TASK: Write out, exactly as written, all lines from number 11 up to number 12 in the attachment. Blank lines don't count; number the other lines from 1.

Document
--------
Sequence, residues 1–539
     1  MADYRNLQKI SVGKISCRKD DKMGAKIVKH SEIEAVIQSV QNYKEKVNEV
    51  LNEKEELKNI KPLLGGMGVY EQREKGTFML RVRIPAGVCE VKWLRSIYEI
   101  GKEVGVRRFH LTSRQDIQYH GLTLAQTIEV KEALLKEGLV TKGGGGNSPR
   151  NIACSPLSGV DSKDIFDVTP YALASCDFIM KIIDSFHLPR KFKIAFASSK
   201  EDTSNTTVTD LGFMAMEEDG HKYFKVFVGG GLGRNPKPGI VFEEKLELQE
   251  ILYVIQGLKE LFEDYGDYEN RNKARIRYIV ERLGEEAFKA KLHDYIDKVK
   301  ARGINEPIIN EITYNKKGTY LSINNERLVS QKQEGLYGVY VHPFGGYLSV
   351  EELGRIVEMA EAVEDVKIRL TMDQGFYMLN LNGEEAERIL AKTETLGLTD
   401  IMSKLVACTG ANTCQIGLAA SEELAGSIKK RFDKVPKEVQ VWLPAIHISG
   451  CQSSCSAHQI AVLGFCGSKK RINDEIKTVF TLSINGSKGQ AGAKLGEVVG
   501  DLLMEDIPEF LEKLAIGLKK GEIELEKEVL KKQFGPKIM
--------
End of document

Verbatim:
   451  CQSSCSAHQI AVLGFCGSKK RINDEIKTVF TLSINGSKGQ AGAKLGEVVG
   501  DLLMEDIPEF LEKLAIGLKK GEIELEKEVL KKQFGPKIM